Two years ago, the auditor general reported that there were 36,000 outstanding warrants for the arrest of failed asylum seekers.  It is estimated that the figure would now be close to 50,000.

Immigration and law-enforcement agencies do not have the resources to hunt these people down, and little or nothing is being done to correct the situation.

Many thousands of asylum seekers come from terrorist-producing countries, but, upon arrival at our entry points, they are simply photographed, fingerprinted, and then released.

In the early 90’s, Canada received a wave of asylum seekers from Algeria, Tunisia, and Morocco.  The majority of these, because of their francophone background, settled in Montreal.  A number of these so-called refugees were active members of the Algerian Armed Islamic Group (GIA).

On December 14, 1999, one of them, Ahmed Ressam, was apprehended crossing into Washington state from British Columbia with his car trunk loaded with explosives to blow up the Los Angeles International Airport.  He had entered Canada as an asylum seeker from Algeria.  He did not bother to show up for his refugee hearing but instead traveled back and forth to Osama bin Laden’s terrorist-training camps in Afghanistan.

Ressam is but one of many known terrorists who have entered Canada in this manner.  There are now seven known terrorists in custody in Canada, and six of them entered as asylum seekers.  They are under orders of deportation, but it is unlikely that those orders will be executed.

Lawyers argue that the Canadian Charter of Rights and Freedoms would be violated if these terrorists were to be removed and that, furthermore, all might be at risk of torture if they were returned.  Since Canada is a signatory to the U.N. Convention Against Torture, it is unlikely they will be deported.

In April 2005, Fateh Kamel was released from a French prison.  He returned to Canada after serving a portion of his sentence there for terrorist activities.  Kamel had already obtained Canadian citizenship, so he entered as a returning Canadian.  He has boasted that “killing is easy for me” and has been identified as one of the leading members of the GIA.

Canadian citizenship can be obtained after three years of permanent residence; consequently, many thousands of those who arrived in the 90’s are now protected by citizenship status.  The only way that citizenship can be revoked is if it can be proved that the individual obtained it by fraudulent means.

The Khadar family from Pakistan also recently obtained Canadian citizenship.  The father, an associate of Osama bin Laden, was killed during a skirmish with security forces on the Pakistan/Afghan border.  One of his sons is a prisoner at Guantanamo Bay.  He was wounded and captured in Afghanistan after killing a U.S. soldier.  Another son was released from Guantanamo and is now back in Canada but has freely admitted being a member of Al Qaeda.  He has not been charged under the new security legislation.

In fact, since its passage, there has only been one person charged under Canada’s new terrorist legislation: a 24-year-old Pakistani-Canadian who was involved in a plot to detonate a bomb in London.  He was apprehended by British authorities.  Nonetheless, despite its lack of use, this legislation is being attacked by Canadian rights activists who are demanding that it be watered down or withdrawn.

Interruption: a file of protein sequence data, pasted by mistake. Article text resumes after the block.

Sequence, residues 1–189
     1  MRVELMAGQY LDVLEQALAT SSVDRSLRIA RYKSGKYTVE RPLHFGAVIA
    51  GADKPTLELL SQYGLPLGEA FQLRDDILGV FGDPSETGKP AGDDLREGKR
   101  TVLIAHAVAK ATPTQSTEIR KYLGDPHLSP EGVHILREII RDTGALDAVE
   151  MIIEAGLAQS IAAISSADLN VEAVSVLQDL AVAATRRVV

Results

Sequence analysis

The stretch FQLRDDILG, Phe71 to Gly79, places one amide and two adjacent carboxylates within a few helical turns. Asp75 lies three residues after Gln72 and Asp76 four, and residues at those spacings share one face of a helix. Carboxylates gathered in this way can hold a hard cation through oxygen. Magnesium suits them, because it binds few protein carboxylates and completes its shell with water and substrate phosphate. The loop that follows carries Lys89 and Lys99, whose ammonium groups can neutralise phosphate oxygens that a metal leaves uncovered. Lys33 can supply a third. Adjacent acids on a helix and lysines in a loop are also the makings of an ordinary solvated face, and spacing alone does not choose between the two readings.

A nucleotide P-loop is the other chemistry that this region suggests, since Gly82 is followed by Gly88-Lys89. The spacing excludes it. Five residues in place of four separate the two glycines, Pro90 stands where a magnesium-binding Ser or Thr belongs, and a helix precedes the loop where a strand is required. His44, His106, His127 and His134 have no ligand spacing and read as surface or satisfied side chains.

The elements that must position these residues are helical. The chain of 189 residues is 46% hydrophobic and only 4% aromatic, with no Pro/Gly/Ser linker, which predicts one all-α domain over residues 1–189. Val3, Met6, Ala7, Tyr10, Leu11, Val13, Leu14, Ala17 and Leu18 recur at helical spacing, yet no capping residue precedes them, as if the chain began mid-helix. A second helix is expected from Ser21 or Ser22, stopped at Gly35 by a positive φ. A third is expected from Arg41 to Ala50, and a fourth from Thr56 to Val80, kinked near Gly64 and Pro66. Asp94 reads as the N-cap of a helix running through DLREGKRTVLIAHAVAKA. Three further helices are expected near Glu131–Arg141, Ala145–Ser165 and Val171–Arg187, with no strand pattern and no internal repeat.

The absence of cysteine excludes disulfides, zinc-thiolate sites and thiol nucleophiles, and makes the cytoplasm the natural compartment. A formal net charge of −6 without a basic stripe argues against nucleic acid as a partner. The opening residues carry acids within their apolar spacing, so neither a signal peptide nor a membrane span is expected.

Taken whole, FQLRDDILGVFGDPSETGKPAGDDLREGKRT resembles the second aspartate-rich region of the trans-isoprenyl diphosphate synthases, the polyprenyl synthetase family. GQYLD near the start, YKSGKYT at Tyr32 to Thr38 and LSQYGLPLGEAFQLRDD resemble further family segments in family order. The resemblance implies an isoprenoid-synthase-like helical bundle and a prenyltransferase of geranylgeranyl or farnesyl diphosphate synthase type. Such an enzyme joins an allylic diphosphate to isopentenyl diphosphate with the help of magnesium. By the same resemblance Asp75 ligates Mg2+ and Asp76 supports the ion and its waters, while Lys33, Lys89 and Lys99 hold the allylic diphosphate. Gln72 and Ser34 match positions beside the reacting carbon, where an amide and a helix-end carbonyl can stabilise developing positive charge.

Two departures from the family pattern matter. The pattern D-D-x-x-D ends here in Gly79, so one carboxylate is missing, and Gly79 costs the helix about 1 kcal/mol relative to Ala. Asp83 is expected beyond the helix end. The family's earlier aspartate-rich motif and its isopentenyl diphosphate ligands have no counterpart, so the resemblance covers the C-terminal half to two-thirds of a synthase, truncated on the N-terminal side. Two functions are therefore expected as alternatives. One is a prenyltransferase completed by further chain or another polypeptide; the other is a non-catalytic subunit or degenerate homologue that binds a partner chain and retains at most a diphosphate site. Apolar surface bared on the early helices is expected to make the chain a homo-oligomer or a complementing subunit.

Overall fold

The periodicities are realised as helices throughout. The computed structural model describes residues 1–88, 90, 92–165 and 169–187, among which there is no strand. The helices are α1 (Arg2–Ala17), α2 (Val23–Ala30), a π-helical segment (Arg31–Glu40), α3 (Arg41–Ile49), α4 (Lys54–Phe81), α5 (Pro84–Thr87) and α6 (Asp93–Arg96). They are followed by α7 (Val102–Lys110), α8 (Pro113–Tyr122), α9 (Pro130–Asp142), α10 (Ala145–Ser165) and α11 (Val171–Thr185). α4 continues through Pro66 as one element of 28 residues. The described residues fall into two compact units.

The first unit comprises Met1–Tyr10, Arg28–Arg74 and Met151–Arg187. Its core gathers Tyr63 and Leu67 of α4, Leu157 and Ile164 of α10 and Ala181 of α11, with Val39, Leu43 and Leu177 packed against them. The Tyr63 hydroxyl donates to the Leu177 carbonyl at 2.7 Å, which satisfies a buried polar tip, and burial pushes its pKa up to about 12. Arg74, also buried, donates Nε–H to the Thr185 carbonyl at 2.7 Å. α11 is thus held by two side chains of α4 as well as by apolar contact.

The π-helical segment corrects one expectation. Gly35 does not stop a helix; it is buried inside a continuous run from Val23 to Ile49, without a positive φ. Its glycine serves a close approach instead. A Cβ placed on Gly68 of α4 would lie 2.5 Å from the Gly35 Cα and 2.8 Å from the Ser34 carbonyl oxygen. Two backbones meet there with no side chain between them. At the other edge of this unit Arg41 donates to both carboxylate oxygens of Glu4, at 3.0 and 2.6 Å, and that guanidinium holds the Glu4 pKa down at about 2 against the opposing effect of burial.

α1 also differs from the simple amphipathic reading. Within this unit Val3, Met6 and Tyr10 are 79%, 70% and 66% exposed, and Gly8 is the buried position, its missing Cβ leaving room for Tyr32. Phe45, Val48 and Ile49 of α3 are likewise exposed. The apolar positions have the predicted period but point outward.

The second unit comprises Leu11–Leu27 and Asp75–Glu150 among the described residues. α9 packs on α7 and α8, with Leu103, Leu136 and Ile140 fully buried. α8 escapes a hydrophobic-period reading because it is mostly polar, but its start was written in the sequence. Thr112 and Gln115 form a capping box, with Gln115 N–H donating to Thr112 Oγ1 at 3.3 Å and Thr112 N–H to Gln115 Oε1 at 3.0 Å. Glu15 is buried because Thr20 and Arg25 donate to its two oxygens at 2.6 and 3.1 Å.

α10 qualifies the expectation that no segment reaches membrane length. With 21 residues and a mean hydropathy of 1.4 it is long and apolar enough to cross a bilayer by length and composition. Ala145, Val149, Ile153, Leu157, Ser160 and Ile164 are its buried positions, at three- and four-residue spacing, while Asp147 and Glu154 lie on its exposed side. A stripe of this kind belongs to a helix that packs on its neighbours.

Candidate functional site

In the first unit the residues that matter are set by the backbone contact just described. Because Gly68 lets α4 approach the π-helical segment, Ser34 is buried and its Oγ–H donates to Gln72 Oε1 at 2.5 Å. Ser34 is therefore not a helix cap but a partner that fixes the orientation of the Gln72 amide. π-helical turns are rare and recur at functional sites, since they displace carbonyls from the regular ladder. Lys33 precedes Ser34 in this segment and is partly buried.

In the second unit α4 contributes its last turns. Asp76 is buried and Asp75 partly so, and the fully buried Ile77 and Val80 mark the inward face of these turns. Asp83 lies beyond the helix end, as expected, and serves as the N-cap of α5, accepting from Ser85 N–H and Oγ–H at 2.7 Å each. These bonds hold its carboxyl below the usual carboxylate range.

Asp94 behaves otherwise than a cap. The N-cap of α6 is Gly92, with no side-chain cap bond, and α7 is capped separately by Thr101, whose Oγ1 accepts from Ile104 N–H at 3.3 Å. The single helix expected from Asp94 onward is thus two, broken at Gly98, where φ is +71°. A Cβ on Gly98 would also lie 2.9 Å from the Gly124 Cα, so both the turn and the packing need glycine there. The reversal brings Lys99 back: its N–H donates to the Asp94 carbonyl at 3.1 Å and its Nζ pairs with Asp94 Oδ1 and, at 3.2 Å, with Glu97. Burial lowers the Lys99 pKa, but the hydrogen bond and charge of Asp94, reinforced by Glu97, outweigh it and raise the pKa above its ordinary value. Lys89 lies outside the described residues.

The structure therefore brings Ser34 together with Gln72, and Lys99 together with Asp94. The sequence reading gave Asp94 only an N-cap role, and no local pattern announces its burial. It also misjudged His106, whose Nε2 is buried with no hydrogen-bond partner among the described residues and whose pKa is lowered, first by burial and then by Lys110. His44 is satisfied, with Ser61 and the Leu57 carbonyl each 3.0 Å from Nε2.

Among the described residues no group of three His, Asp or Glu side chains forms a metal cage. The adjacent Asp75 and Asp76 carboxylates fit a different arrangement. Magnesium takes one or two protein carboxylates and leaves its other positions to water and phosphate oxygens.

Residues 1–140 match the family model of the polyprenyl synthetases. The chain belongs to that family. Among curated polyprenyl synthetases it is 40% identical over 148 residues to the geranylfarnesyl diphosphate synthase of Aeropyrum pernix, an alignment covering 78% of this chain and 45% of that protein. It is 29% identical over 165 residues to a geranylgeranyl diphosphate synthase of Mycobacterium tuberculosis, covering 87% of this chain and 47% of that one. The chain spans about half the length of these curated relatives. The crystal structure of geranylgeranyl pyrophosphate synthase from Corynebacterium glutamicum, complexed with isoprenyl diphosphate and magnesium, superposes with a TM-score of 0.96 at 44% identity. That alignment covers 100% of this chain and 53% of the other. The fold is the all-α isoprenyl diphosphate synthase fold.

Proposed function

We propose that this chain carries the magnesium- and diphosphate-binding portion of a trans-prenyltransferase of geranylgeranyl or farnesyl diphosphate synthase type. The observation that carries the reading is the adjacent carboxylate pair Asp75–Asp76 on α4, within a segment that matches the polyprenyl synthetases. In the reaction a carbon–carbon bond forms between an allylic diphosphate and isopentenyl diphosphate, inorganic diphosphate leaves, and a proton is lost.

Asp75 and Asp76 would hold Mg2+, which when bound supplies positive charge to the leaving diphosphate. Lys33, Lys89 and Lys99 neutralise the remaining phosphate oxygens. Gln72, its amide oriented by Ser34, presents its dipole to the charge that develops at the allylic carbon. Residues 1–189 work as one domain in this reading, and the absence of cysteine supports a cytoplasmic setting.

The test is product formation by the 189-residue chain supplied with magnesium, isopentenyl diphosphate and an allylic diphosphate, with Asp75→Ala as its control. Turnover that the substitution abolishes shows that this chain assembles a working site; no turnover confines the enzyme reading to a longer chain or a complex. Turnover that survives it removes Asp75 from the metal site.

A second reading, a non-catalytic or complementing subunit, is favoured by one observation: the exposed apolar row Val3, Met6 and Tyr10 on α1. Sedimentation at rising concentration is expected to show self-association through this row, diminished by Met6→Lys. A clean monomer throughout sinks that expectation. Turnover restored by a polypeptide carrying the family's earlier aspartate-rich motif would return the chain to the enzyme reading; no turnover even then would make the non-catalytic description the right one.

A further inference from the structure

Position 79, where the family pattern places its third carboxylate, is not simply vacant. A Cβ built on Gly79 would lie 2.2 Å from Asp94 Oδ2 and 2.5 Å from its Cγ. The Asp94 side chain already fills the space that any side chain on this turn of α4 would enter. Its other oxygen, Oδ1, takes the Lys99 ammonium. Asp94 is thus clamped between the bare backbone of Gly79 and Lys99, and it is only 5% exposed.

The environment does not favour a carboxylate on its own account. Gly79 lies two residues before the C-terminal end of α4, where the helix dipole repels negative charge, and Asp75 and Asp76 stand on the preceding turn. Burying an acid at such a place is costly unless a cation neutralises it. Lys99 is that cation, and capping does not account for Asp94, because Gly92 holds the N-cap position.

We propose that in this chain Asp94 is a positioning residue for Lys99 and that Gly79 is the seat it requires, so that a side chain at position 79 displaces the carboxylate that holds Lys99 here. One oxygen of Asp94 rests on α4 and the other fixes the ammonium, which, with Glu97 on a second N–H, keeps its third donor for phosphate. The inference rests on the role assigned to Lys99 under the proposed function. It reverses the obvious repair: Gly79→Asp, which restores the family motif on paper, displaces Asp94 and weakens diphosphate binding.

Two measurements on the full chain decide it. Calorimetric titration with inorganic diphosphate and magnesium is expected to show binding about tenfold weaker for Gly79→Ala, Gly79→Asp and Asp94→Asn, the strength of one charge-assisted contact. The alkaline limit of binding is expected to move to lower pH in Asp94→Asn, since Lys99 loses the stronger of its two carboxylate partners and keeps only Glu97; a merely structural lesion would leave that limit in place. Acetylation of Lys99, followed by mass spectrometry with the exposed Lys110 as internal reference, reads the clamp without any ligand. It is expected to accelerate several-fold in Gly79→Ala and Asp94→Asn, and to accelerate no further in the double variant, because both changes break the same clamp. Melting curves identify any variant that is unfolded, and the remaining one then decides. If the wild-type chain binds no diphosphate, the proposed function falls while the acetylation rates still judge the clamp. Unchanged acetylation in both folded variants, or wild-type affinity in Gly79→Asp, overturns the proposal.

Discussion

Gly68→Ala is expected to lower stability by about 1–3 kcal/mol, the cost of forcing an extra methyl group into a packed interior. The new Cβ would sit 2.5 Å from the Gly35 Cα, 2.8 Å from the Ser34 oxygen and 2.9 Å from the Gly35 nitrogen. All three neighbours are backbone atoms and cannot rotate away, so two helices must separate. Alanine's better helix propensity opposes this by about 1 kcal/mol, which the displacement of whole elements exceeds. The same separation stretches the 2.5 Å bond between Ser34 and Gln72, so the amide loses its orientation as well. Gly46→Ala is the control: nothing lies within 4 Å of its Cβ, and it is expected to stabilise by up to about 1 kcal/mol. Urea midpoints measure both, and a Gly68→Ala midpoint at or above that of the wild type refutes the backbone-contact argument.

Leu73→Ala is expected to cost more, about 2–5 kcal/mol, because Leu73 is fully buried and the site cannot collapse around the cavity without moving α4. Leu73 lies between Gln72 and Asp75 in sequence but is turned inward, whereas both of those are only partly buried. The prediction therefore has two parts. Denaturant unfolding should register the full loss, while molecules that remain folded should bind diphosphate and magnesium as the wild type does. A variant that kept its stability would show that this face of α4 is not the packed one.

A federal judge recently ordered the release on bail of another Moroccan terrorist who was being held in jail awaiting deportation.  He has complained to the court that his bail conditions, which require him to wear an ankle bracelet, are too severe and restrict his freedom of movement.

Canada now finds herself in a position where she cannot stop anybody from entering the country if he claims asylum, and she cannot remove or even detain known Al Qaeda terrorists.  This is not a good situation to be in when your country has been put on Al Qaeda’s hit list and your security service warns that it is not a question of if we will experience a terrorist attack but of when.

Despite all the evidence that Islamic terrorists are firmly installed in Canada, the government seems determined to undermine the safety and security of Canadians.  On December 29, 2004, the government passed regulations requiring Canadian border officers to admit anyone who seeks entry at the land border with the United States who has been charged or convicted of an offense that might entail the death penalty.  This regulation was not presented to the Canadian parliament but was passed quietly by order-council procedure without publicity.  There are many in Canada who would applaud this politically correct gesture of exporting “Canadian values,” but it is not helpful in the effort to fight terrorism.  Instead, it is laying out a welcome mat for murderers and terrorists.

The government, however, continues to insist that it has taken the War on Terror seriously, despite a report in early April 2005 by the Canadian auditor general that enumerated a long list of critical security gaps ranging from the vulnerability of Canadian passports to poorly trained personnel assigned to respond to a terrorist attack.

That same week, evidence presented to the Senate Committee on Security revealed that there are 62 border posts that are not linked into the main watch-list computer system.  The Senate also heard that 225 cross-border roads leading to and from the United States remain unguarded.

Canadian border guards are not armed and must rely on RCMP (Royal Canadian Mounted Police) backup if facing a dangerous situation.  Recently, the RCMP have withdrawn their services in the province of Quebec, and, in many other areas of Canada, police detachments are unable to respond in less than an hour should a border emergency occur.  Last year, there were over 100 incidents of automobiles from the United States crashing through border posts without examination.  So much for a secure border!

It is evident that the protection and safety of Canadians does not rank among the top issues of Canadian public policy.  National security ranks far below the issue of “gay marriage,” more liberal narcotic laws, and the legalization of prostitution.

Unless there is a terrorist attack in Canada with great loss of life, or until the U.S. government gets really tough along the border, it is unlikely that much will change.